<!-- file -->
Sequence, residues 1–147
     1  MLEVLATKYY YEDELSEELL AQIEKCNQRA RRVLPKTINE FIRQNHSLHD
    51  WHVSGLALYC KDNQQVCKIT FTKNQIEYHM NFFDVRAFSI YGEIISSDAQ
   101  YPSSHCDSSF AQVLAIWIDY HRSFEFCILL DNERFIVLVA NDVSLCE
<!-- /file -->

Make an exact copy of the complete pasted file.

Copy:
Sequence, residues 1–147
     1  MLEVLATKYY YEDELSEELL AQIEKCNQRA RRVLPKTINE FIRQNHSLHD
    51  WHVSGLALYC KDNQQVCKIT FTKNQIEYHM NFFDVRAFSI YGEIISSDAQ
   101  YPSSHCDSSF AQVLAIWIDY HRSFEFCILL DNERFIVLVA NDVSLCE